Prediction #2

We will have an epiphany that the buckets we classify media into shouldn’t be ever smaller based on new hardware that delivers media (Hey, where’s the Directorix of Advertising that Occurs on the Android Platform?  She needs to connect with the Grand Poobah of Platforms that Show Up on Tablets and Other Things Like Computers but Aren’t!), but larger (or at least simpler) based on how people actually use media to get things done – seeing how what’s being delivered is probably video, sound and/or textual content of some sort.

 

Once had, said epiphany will quickly dissolve as we try to grok the meaning of a tablet that has most of the functionality of a mobile phone (not to mention being roughly the same size), a landline device that allows a person to text, and (GASP!) Internet that shows up on a TV screen.  How do we deal with these things?  Who can buy them?  Who can create things for them?  Who?  Somebody get the Imperial Leader of Stuff That’s Never Been Done Before!

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Procuring Value with People

Advertising has become many things, but at its heart and on every level, it’s a people business.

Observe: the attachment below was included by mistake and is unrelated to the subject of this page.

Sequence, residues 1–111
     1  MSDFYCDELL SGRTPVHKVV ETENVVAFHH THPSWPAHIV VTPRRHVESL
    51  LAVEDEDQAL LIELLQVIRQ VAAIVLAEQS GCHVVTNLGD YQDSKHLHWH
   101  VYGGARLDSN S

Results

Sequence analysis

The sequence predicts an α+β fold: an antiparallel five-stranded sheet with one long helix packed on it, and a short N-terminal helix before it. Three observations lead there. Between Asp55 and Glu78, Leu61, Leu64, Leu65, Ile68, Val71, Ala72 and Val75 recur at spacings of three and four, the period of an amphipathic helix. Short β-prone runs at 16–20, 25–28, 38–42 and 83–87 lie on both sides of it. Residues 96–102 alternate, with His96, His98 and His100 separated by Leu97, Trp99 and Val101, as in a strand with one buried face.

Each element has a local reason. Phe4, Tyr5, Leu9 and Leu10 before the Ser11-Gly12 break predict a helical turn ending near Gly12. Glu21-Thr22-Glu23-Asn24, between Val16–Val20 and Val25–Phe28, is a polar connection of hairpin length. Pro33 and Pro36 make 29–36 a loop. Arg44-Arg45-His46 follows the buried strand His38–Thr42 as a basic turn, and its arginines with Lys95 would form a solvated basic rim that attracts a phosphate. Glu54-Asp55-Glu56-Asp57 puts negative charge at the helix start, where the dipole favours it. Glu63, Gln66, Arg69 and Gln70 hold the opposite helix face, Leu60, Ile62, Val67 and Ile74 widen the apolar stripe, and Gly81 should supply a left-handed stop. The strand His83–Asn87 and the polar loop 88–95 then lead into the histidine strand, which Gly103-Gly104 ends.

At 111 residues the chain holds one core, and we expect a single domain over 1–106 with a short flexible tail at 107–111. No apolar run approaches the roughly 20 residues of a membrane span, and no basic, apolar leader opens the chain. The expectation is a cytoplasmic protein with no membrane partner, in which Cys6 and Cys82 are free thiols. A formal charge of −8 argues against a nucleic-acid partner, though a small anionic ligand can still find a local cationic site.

Audiences aren’t collections of behaviors and mindsets that technology has allowed us to gather up and aim our work at. Audiences are people seeking to do things with their most scarce resource – their time. Our #1 goal should be to help them get those things done and our most important investment is in their time – something that will never be a commodity.

 

Clients aren’t a portfolio of investment opportunities that serve just to provide scale, leverage or clout.  Clients are people who want to do what’s right by their various constituents – their customers, their shareholders, their employees – who are all people, too. If we act as partners in achieving our #1 goal, clients are happy people.

 

Media companies aren’t commodity traders looking to receive the dollars associated with leverage or clout. Media companies are stewards of people’s time. People choose to invest their time with media companies’ products and those choices become opportunities to invest client dollars to help people get things done – whether buying ads, building experiences or having conversations.

 

And those working in media at agencies – whether they use connections, communications, investment, activation or some other word to describe what they do – aren’t cogs in a machine facilitating leverage or clout via a portfolio of clients. Folks in media at agencies need to be laser-focused on delivering the intersection of what people are trying to do and how their client’s product or service helps those people get things done – whether that’s at scale or not.

 

Will technology take this industry in amazing new places that make markets operate more efficiently? Of course – I’ve been lucky enough to be close to a number of the people who have developed or are developing many of these tools. Will the need to report to bottom lines continue to increase? No doubt – and I much prefer managing a P&L vs. a budget. Am I excited about and engaged in the possibilities presented by these evolutions? Absolutely.